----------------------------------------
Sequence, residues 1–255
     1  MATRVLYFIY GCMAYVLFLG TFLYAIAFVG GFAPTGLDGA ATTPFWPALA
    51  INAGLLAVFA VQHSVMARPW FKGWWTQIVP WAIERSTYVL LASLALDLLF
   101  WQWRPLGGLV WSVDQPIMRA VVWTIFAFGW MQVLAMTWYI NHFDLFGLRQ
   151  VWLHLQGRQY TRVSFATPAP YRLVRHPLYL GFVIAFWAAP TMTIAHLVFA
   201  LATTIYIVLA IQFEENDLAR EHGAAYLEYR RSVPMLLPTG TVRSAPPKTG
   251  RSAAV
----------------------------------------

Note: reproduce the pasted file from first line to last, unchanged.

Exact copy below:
Sequence, residues 1–255
     1  MATRVLYFIY GCMAYVLFLG TFLYAIAFVG GFAPTGLDGA ATTPFWPALA
    51  INAGLLAVFA VQHSVMARPW FKGWWTQIVP WAIERSTYVL LASLALDLLF
   101  WQWRPLGGLV WSVDQPIMRA VVWTIFAFGW MQVLAMTWYI NHFDLFGLRQ
   151  VWLHLQGRQY TRVSFATPAP YRLVRHPLYL GFVIAFWAAP TMTIAHLVFA
   201  LATTIYIVLA IQFEENDLAR EHGAAYLEYR RSVPMLLPTG TVRSAPPKTG
   251  RSAAV